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Fitch lays out its approach to incorporating ESG in its ratings

Fitch Ratings outlined its approach to incorporating environmental, social and governance risk into its work, in a new report from the credit rating agency.

The report was produced in response to increasing focus on ESG risk from investors and requests for increased transparency on how Fitch captures ESG risk in credit ratings. It also provides examples of how ESG risk factors have affected the agency's rating actions.

"Fitch's criteria and analysis incorporate ESG risk factors, but only where they are relevant to the assessment of credit risk." These factors are included in an assessment when Fitch deems them to have a financial impact on the rating over the relevant time period. "It is rare for ESG risk to be the main driver of credit risk or a rating action," the report said.

Good governance provides a base to achieve a minimum rating in most sectors, but this cannot override weak financial metrics, the report said. "Where Fitch observes a deficiency that may diminish debtholder protection, the consideration may have a negative impact on the rating assigned."

However, for sovereign ratings, governance indicators carry the greatest weight of any variable in Fitch's sovereign rating model. The agency uses governance indicator in sovereign ratings "to capture the capacity and willingness of authorities to mobilize resources to fund debt payments and the risk that this might be disrupted by civil unrest, political instability or conflict, as well as the effectiveness of government and institutions in managing economic activity and absorbing adverse shocks," the report said.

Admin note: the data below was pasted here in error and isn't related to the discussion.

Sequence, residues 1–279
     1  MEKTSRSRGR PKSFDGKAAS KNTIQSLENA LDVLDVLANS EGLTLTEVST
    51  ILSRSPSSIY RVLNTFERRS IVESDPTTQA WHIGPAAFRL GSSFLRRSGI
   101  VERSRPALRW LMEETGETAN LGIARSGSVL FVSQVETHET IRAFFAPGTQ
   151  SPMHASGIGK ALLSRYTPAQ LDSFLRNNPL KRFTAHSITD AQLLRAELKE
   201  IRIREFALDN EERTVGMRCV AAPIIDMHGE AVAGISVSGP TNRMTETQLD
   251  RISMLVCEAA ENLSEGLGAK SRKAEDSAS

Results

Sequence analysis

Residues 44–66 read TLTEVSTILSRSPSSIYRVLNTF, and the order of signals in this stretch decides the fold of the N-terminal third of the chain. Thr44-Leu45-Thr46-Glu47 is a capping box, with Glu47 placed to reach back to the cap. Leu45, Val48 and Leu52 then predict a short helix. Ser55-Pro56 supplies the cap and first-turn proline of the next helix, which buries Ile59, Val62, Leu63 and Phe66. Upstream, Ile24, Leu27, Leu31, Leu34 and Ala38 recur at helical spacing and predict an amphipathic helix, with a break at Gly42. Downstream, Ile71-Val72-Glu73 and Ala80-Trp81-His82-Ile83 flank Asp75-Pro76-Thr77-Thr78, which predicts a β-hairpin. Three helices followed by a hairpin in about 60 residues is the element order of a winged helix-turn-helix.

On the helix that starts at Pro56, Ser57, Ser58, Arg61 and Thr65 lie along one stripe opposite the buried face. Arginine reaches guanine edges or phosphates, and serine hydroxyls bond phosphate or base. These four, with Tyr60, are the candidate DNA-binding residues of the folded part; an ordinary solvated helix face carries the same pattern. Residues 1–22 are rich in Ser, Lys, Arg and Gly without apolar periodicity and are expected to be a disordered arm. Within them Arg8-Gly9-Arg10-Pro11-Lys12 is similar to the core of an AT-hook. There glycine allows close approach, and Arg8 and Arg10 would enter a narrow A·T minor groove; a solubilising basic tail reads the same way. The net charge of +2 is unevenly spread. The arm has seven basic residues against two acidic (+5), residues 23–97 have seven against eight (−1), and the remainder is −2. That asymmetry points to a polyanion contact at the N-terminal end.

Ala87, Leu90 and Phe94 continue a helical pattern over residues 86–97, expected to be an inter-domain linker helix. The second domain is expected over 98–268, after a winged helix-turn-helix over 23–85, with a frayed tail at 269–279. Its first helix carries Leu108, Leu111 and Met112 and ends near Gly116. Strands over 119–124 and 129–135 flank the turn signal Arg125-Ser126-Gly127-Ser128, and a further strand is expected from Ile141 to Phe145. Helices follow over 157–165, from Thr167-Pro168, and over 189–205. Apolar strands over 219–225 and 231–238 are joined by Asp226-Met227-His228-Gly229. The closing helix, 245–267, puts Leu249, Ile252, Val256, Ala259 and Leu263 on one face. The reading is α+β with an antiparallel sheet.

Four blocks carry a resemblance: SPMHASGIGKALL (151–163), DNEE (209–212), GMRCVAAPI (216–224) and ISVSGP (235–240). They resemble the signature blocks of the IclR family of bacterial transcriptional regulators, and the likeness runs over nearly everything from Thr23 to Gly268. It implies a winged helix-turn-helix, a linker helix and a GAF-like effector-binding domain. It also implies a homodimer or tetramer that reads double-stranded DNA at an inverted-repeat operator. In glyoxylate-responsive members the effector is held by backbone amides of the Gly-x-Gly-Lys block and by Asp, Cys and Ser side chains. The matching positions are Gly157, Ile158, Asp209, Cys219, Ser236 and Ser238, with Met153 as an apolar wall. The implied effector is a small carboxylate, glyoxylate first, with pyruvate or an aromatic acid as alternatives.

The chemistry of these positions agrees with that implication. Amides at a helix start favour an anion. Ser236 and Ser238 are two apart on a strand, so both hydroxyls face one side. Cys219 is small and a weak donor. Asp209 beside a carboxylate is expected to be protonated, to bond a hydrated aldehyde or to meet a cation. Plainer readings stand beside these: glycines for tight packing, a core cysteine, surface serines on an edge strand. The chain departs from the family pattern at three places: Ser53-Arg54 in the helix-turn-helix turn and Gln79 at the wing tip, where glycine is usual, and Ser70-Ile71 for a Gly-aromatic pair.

Regarding environmental issues, trends and regulatory requirements are one of the factors driving expenditure, capital and operational decisions in many corporate and public sectors, including manufacturing, natural resources, energy and utilities sectors. "The risk to creditworthiness associated with environmental factors includes the security of long-term resource supply, the cost of compliance with regulations and of fines in the event of non-compliance," the report said.

When it comes to social risk, this is "typically not a key factor in credit analysis with the exception of sovereign ratings, for which political risk is an important input." Social risk appears in only a few instances within Fitch's criteria.

"Fitch Ratings Approach to Capturing Environmental, Social and Governance Risk in Credit Ratings" is available on the agency's website. Registration is required.